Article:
Mar 25, 2019 10:02 AM EDT
More and more products carry ethical labels such as fair-trade or organic, which consumers usually view positively. Nevertheless, the sales figures of these products often remain low, even though they offer advantages for the environment or for society. A team of scientists from the University of Göttingen has investigated to what extent factors which affect consumers' own benefit - such as the so-called "Warm Glow of Giving" - influence consumers' purchasing intentions. The "warm glow" is the personal benefit that people feel when they do good. The results were published in the Journal of Cleaner Production, an international scientific publication which covers environmental and sustainable research and practice.
The researchers from the working group "Marketing for Food and Agricultural Products" at the University of Göttingen studied how two groups - one from Germany and one from the United Kingdom - make virtual purchasing decisions. Each group consisted of around 450 consumers. Chocolate was available, which differed in terms of price, country of origin of the cocoa, and country of manufacture, as well as the ethical claims made. The claims were: organic, fair-trade and CO?-neutral. There was also an alternative which did not make any claims. Consumers then answered questions about their purchasing intentions, values and feelings when buying.
The result: in both countries the price is the most important decision criterion, followed by the ethical claims and the country of manufacture. In addition, the "warm glow" has a comparatively large influence on the purchasing intention - the prospect of getting a good feeling clearly attracts many consumers to buy products which make ethical claims. But the intention is often not put into practice: during the actual decision to buy, the influence of the "warm glow" is only relevant for fair-trade chocolate. The researchers assume that this is partly due to the strong association with the common good of the fair-trade label, which supports farmers in developing countries. "Other studies have shown that consumers also associate positive health aspects with organic food," says Sarah Iweala, first author of the study and doctoral student in the "Global Food" research training group. "Of course, this dilutes the label's association with the common good."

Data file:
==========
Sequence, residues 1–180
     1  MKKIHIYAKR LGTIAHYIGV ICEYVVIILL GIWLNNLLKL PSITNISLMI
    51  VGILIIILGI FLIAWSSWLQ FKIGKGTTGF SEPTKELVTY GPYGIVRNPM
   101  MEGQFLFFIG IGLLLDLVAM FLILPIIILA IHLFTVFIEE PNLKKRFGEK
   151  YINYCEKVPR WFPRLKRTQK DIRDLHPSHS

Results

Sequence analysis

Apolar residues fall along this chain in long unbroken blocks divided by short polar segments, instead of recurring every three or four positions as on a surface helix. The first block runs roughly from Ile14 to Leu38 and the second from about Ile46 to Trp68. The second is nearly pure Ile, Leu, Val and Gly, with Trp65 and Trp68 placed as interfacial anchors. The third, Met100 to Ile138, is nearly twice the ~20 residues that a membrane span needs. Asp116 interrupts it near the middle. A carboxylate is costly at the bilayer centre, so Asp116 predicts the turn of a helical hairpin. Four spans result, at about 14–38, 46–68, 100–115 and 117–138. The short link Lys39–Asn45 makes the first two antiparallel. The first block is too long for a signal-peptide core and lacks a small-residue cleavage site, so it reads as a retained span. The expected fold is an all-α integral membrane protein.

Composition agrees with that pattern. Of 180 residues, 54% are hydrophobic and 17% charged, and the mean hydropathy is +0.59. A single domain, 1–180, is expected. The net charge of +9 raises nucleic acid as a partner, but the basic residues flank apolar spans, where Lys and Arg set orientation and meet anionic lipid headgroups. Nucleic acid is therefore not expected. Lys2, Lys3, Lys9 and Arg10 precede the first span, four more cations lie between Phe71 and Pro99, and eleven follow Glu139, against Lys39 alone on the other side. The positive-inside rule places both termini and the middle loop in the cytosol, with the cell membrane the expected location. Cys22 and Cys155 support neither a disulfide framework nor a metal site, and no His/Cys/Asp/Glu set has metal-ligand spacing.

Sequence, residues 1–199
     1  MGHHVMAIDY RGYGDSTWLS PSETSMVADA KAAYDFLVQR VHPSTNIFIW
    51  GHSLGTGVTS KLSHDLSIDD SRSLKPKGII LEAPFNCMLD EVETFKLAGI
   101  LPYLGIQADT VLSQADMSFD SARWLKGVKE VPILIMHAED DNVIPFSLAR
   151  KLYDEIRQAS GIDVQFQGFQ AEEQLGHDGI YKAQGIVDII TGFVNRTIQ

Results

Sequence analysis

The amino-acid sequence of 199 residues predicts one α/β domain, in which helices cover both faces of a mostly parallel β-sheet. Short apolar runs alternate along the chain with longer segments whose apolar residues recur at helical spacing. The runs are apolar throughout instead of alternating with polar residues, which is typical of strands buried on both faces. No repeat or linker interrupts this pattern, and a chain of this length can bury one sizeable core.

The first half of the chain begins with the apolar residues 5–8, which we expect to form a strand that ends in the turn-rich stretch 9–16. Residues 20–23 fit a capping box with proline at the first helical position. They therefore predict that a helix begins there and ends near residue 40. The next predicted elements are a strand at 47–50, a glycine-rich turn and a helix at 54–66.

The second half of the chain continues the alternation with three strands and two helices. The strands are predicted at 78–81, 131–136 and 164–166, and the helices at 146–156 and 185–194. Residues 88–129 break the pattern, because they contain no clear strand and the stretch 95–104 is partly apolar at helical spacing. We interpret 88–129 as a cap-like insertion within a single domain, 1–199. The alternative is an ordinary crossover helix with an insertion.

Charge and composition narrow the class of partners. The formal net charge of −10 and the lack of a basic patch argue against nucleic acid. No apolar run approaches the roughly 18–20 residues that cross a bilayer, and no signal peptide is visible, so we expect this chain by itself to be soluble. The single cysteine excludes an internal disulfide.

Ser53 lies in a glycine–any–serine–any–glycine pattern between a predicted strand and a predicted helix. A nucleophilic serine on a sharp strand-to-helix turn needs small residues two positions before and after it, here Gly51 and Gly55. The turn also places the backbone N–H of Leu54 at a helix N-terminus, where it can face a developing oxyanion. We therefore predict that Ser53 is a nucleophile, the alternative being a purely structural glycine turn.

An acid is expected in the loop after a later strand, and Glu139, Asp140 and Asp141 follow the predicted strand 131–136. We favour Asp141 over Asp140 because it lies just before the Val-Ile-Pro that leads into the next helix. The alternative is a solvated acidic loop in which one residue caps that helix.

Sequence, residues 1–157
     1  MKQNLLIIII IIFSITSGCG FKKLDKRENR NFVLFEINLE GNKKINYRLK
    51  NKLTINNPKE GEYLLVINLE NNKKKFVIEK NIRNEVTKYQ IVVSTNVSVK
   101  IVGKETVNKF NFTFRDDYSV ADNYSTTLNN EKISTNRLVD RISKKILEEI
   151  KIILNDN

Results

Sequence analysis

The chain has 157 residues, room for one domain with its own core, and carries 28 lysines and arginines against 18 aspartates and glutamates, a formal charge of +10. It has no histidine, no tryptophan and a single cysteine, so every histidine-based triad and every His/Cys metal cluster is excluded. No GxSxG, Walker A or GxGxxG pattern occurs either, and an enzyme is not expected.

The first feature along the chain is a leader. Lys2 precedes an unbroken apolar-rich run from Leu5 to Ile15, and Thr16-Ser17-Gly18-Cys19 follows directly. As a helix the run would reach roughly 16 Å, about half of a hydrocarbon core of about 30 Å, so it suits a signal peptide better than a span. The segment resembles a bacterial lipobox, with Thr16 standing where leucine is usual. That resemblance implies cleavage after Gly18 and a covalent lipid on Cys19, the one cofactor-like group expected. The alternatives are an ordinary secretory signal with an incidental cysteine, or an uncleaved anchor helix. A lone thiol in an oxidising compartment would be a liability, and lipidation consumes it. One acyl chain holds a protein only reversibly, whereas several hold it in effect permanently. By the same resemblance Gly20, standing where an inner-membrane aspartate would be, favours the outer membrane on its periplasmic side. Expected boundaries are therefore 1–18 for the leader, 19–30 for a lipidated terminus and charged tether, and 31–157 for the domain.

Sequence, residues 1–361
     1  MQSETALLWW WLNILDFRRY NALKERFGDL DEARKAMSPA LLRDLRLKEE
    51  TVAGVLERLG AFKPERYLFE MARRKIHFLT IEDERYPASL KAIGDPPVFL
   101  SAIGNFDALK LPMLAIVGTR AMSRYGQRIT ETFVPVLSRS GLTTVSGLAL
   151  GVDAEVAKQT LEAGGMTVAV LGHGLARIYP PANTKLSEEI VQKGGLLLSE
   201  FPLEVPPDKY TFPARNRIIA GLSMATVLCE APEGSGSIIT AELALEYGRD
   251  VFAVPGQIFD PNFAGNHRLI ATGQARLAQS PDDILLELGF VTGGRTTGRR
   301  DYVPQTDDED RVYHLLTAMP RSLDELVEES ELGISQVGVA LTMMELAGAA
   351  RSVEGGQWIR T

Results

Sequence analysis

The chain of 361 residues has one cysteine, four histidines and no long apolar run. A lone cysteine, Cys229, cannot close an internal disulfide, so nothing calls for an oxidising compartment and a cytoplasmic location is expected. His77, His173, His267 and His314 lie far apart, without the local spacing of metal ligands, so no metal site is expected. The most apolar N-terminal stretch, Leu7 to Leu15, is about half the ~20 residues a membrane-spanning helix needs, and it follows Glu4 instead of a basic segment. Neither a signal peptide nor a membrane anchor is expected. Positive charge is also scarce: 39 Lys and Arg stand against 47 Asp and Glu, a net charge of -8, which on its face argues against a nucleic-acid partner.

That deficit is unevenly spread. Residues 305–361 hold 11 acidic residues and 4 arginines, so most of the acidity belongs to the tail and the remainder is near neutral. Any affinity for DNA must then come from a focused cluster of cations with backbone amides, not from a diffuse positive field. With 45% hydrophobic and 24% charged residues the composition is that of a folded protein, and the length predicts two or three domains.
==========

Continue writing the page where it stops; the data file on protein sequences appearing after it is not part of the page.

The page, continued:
In addition, the degree of recognition of the logo seems to be important. Although consumers indicated that they felt good when they reduced their CO? footprint, this good feeling did not lead them to choose the CO? neutral product. This can be explained by the low profile of this particular ethical logo. In both countries, less than 20 percent of the participants stated that they had already seen "carbon neutral" branding while shopping. In contrast, over 90 percent of consumers were aware of the fair-trade logo. "If consumers don't know what a label stands for, they can't feel good about it when they shop and so it can't become a deciding factor in their shopping choices," says Professor Achim Spiller, Head of the working group "Marketing for Food and Agricultural Products".
"Our results show that in the marketing of ethical products, the social benefit should be communicated through a direct approach," the scientists concluded. "It is also important for marketing that labels can only have an effect on the market if they are known. Today's flood of frequently unknown labels is counterproductive".
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